A more personal God
The study also found that entrepreneurs tend to understand God as personal and responsive to their needs more than non-entrepreneurs. This finding, that entrepreneurs believe in a personal God who listens and acts, combines with the other finding that they pray more often.
"We found that to be a real novel finding," Dougherty says. "It challenges the idea that entrepreneurs are people that have shed the confines of religion to forge their own path."
Instead, there was a connection to religion through more personalized and privatized practices.
The data comes from a national random sample across the spectrum of religious groups such as evangelicals, mainline Protestants and Catholics. The larger data shows that the different faith traditions do not have much effect on who is and who is not an entrepreneur, Dougherty says.
"There is something still unique about the American entrepreneur regardless of the type of faith community they belong to or even if they do not belong to a faith community in terms of (how) they view God and how frequently they pray to this deity," he says.
Young thinks believing in a personal God is attractive to entrepreneurs because it fits into their mindsets. "As an entrepreneur it does make sense to me," she says. "We are all guided by something, whether it is your gut. You turn to your gut, you turn to a higher power for guidance to make the right decisions. It involves a personal connection."
Where they gather together
The survey also asked participants the name and address of their place of worship. About 60 percent were able to give the contact information for where they attended religious services.
The survey also looked at the extent to which entrepreneurs were in faith communities that encouraged, either modestly or strongly, both starting a new business and making a profit in business. The survey asked, for example, "How is starting a business talked about, if at all, in your place of worship?" and "How is making a profit in business talked about, if at all, in your place of worship?"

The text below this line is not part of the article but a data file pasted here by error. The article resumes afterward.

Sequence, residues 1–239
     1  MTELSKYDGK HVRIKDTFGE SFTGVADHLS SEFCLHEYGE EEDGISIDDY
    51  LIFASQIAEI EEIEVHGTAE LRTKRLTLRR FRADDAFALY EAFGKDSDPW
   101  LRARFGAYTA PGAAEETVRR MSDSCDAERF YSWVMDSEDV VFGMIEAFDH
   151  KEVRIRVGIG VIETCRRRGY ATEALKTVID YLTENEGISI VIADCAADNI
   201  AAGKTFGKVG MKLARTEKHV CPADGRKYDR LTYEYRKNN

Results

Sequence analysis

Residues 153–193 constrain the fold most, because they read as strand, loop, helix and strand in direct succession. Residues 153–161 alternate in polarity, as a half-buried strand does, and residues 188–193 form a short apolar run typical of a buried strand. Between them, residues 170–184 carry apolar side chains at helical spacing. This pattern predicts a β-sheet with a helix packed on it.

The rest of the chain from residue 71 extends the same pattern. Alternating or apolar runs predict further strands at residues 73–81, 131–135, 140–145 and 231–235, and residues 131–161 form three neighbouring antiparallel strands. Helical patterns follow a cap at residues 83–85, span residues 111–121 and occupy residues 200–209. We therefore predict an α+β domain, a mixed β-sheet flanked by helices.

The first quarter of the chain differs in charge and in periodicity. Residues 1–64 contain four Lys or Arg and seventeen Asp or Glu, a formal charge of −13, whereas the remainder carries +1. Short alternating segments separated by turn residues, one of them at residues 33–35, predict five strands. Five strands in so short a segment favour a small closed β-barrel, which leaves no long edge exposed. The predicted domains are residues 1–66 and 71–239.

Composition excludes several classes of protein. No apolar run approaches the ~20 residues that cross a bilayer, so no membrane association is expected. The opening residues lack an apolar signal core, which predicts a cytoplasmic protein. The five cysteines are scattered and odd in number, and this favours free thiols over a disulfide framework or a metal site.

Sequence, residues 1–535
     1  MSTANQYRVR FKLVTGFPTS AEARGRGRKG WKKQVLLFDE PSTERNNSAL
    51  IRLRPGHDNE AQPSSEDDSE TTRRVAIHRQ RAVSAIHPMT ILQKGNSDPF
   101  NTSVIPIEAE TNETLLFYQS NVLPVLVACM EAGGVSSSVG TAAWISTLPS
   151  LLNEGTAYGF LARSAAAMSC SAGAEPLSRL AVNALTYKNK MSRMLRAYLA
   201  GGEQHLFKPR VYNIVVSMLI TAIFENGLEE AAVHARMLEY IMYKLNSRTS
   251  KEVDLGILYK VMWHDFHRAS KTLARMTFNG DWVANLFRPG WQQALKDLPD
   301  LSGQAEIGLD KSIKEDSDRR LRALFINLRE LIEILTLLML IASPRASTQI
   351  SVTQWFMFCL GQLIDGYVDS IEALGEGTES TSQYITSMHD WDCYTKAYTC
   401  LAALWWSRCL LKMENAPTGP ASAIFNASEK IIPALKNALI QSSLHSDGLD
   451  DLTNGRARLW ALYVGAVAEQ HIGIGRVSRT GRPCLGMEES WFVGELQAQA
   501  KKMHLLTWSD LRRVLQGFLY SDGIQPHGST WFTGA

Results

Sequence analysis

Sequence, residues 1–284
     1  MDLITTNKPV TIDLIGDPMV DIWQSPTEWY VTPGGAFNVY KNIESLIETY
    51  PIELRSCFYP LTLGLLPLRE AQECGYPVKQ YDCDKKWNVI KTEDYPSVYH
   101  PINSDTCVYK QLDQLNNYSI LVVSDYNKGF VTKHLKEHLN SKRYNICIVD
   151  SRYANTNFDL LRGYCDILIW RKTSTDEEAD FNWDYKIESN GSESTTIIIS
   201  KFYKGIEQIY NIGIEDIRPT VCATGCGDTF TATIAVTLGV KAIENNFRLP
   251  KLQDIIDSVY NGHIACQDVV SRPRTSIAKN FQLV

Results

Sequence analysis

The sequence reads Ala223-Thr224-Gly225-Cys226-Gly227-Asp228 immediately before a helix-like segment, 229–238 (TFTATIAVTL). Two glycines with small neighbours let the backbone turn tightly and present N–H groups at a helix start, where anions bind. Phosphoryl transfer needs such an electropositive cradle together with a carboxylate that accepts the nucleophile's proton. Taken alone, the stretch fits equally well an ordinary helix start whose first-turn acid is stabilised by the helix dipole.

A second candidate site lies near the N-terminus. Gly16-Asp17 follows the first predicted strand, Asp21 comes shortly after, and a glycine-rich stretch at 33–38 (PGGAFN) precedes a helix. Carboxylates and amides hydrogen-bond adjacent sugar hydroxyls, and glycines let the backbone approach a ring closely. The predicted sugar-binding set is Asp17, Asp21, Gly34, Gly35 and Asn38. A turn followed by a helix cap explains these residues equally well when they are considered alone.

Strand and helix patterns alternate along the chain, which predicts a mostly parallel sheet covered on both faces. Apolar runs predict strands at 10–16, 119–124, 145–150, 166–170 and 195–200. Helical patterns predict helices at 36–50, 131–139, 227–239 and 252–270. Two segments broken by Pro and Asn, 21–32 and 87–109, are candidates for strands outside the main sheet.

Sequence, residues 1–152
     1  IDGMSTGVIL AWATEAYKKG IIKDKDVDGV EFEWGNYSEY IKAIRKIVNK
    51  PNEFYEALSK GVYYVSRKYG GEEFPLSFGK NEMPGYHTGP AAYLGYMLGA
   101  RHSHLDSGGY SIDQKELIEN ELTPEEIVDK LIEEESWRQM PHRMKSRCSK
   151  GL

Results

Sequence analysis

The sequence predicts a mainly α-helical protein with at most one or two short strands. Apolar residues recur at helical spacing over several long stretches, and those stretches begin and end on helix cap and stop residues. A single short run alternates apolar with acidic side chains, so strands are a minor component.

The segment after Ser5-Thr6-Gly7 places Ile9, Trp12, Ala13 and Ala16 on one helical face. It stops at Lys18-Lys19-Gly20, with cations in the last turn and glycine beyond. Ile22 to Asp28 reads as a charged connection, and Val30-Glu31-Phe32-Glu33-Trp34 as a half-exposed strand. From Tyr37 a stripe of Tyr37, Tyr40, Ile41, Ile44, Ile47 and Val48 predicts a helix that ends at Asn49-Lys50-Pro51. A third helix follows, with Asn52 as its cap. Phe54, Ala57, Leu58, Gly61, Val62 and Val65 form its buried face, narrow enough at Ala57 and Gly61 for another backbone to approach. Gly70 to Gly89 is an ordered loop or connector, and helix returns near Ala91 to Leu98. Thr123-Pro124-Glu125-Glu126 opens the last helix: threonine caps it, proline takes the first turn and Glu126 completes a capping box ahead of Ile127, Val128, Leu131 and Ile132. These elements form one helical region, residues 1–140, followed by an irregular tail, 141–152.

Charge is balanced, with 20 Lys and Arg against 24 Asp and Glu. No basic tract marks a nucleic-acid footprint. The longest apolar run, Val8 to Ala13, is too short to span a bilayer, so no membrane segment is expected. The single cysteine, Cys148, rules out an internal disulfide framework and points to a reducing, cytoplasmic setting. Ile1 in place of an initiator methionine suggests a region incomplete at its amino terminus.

Dougherty said it's not surprising that entrepreneurs are more likely to belong to congregations that encourage these things. "No other published research has ever documented this," he says. "And the results raise all sorts of interesting implications."
Dougherty wants to do further research to determine if some faith communities inspire people to take chances in the marketplace and start new businesses. "We think that is really fascinating," he says. "And for a country coming out of a recession, if that is true, then the 300,000 faith communities that dot our landscape will become even more important as potential catalysts for driving economic recovery and growth."
Last summer the Baylor research team traveled the country and conducted about 200 interviews at eight different faith communities to find out why entrepreneurs were in churches that were more pro-business. They asked about how and if their faith communities have inspired workers and entrepreneurs in their work. "So very soon we'll have an answer to that question," Dougherty says, "and I think it will be an interesting one for people."
This can-do attitude would be a very entrepreneurial, according to Young.
"Entrepreneurs think things are possible," Young says, "and they have faith that they are going to figure it out as they go along."